Last month, we highlighted our favorite project management tools. This month, we’re delving into the tools that help our business analysts (BAs) understand and outline business processes, write user stories, determine project requirements, and generally ensure that the products we create best serve the companies and users that need them via informed, data-driven recommendations.
For organizations looking to gain a better understanding of their business needs, these tools can help quantify their workflows, prioritize improvements, and more. Here are a few of our favorites:
“In many ways, the tools we use are the same, or gosh darn similar, to PM tools,” says Mike Pittman, a senior business analyst at DOOR3. While our project managers like using Trello for retrospectives, BAs find its card-based interface helpful for categorizing and prioritizing feature sets. The program makes it easy to create and sort customizable lists of user stories or features and is particularly handy for collaboration across remote teams, as all members can add, sort, and categorize cards visually into lists or boards.
Another great tool for feature sets is Featuremap. Our PMs emphasize the benefits of this free program for collaboration, but our BAs really rely on it for putting together feature requirements. Geared toward Agile projects, the software makes it easy to plan out features along a project timeline or roadmap. PMs can then break out effort among sprints, aided by FeatureMap’s ability to integrate with JIRA.
Figma is new to DOOR3, but we’re already liking how it enables our teams to work together across disciplines. The program bills itself as an all-in-one application for product teams that can take an idea from brainstorming through development, with built-in enterprise design system and feedback tools. Our UX team uses it to build screen mockups and prototypes that our BAs are then able to reference in their user stories. This in turn gives our developers and the QA team a visual reference to the words our BAs write to ensure greater fidelity down the line. “Figma has quite a few built-in templates, as well as templates submitted by the user community, which makes it useful for more than just UX prototyping,” Mike says. “The expanded functionality those templates offer is something our team is looking at as we work on projects to see if we can consolidate many of our functions into this single tool.”
For Agile teams, backlog grooming sessions can be tedious, but Amy Lo, a senior strategic business analyst and digital strategist at DOOR3, likes Planning Poker to add a little fun (and structure) to the ritual. In order to better organize upcoming work, teams can use the free software’s tools to estimate the effort level, add story details and acceptance criteria, and export into their project management tool of choice. (Planning Poker supports JIRA, TFS, VersionOne, and others.) The free version offers plenty of capabilities, including mobile device compatibility, while the pay version lets users upgrade to add larger numbers of team members, monitor team velocity (AKA ensure estimates are accurate and team members are able to reach their goals), and even create custom pointing scales.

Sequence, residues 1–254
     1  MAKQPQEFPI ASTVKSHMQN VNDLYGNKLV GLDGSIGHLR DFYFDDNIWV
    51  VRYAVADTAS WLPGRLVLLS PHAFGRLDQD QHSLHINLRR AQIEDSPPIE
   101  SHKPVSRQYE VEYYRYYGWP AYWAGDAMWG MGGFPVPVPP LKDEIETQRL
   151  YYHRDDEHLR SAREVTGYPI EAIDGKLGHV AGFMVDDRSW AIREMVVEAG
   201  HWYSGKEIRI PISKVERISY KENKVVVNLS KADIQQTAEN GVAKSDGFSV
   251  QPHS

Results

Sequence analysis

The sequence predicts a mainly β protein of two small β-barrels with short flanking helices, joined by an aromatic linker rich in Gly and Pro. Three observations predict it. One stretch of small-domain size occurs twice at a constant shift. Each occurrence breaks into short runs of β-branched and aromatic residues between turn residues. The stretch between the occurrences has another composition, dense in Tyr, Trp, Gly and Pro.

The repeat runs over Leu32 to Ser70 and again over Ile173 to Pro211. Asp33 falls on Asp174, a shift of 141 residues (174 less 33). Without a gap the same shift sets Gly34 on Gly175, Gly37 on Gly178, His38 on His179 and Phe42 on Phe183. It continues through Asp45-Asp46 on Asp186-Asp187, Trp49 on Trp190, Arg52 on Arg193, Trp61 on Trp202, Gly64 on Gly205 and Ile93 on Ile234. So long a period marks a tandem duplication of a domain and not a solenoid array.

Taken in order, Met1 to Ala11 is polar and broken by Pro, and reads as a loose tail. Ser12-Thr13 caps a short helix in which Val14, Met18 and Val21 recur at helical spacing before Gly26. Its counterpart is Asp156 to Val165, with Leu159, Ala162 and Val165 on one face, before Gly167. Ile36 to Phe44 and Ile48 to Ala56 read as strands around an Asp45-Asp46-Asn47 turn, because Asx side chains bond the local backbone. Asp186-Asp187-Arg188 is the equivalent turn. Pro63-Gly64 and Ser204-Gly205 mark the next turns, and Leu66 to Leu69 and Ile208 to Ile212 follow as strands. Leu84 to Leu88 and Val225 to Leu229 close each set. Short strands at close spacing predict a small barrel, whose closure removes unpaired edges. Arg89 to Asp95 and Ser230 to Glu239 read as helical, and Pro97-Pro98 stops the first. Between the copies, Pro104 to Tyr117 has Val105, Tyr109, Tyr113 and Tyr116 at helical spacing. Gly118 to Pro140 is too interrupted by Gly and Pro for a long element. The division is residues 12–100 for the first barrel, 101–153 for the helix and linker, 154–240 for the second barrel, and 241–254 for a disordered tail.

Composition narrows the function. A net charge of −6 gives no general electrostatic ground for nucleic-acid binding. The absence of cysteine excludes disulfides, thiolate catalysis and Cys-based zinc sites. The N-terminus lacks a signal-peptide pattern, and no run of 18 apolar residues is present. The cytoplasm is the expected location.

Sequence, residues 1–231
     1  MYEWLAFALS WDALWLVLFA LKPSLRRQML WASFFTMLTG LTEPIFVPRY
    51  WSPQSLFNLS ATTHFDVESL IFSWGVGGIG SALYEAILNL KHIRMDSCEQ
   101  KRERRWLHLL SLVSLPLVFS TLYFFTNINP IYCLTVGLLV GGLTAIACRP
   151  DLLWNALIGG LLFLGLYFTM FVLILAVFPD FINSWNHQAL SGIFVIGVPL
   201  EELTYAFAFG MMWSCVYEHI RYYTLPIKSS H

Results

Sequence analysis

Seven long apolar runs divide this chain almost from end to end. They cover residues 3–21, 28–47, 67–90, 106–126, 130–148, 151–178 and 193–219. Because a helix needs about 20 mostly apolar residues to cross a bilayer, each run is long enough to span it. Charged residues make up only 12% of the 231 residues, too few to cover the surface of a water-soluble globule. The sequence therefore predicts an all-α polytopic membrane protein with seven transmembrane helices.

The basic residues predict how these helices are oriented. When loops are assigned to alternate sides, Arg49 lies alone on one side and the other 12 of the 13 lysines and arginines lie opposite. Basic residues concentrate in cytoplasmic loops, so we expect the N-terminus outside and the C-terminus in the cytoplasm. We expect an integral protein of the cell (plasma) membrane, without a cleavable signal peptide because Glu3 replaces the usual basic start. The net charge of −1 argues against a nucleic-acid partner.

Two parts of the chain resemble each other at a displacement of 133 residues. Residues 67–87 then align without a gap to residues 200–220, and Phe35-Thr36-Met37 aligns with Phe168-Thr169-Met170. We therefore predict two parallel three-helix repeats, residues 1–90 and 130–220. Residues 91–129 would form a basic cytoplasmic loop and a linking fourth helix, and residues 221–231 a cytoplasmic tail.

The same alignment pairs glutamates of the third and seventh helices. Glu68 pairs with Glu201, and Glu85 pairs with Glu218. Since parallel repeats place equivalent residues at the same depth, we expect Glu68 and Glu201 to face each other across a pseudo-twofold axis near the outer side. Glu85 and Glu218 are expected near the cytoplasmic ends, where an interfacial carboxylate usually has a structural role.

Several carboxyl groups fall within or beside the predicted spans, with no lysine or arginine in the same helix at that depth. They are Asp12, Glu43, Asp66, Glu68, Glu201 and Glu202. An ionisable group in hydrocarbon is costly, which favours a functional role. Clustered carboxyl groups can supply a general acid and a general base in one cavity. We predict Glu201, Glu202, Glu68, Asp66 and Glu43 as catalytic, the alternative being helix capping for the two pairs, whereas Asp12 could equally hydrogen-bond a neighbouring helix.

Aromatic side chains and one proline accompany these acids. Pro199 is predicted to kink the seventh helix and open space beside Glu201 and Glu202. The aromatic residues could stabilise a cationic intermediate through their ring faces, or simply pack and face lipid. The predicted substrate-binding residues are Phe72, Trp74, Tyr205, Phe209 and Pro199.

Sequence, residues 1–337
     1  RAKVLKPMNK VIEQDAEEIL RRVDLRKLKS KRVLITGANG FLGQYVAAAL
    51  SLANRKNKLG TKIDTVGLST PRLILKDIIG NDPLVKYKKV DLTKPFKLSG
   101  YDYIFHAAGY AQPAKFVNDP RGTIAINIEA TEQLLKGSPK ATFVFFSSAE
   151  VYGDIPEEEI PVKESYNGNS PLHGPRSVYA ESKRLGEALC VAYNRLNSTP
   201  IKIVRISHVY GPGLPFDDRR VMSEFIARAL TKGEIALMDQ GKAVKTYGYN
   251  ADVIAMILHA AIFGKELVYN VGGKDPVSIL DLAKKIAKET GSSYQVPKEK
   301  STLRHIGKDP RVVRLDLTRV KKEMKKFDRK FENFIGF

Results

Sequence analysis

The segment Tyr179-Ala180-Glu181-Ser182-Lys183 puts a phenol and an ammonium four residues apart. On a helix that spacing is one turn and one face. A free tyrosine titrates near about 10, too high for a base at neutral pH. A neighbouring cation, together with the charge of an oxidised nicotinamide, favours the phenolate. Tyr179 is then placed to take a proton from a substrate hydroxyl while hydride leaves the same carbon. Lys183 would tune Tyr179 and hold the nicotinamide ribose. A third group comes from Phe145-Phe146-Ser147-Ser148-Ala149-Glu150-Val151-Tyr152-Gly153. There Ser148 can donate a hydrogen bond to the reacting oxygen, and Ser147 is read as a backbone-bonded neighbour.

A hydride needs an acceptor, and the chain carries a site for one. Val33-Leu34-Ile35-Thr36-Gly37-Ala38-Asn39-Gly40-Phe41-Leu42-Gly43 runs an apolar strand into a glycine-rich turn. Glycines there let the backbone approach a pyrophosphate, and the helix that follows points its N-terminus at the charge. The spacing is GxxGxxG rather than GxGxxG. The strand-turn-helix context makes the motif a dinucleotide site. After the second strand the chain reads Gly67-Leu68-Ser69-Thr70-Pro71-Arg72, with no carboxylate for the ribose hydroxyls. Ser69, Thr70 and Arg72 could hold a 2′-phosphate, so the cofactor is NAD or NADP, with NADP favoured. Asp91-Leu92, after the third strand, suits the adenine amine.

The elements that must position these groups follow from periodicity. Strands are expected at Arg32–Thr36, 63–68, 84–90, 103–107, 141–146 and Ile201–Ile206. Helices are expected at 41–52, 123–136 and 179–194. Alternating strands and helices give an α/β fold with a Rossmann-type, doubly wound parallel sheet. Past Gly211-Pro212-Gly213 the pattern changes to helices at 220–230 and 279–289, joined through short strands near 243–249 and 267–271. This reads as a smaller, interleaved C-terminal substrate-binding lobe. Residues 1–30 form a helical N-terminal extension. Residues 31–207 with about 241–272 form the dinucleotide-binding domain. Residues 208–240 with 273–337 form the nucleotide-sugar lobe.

OneNote is beloved by our BAs for helping make sense of complex projects and discussions. This capable freeform organizational application helps Mike keep track of to-do’s and questions for clients, as well as serve as “brain storage for things I rarely need, but might need one day, like SQL queries,” he says.
Lucidchart is another great tool for teams looking to collaborate remotely. The cloud-based diagramming application can work as a digital whiteboard for flow charting, but the embedded tools take it a step further, offering the ability to chat within the interface, tag team members, integrate analytics, and more. “Auto-visualization” offerings take the work out of generating things like org charts, and Lucidchart can integrate with popular tools like Google Workspace, Atlassian, Microsoft Office, Asana, and Slack. “It has lots of different templates,” Amy says. “I typically put together workflow and dataflow diagrams with it to support analysis work.
Looking to support your development efforts or determine and prioritize improvements to your core business software? Our business analysis consultancy can help you figure out how to get started. Let us know how we can help you integrate business analysis and get your ideas off the ground.
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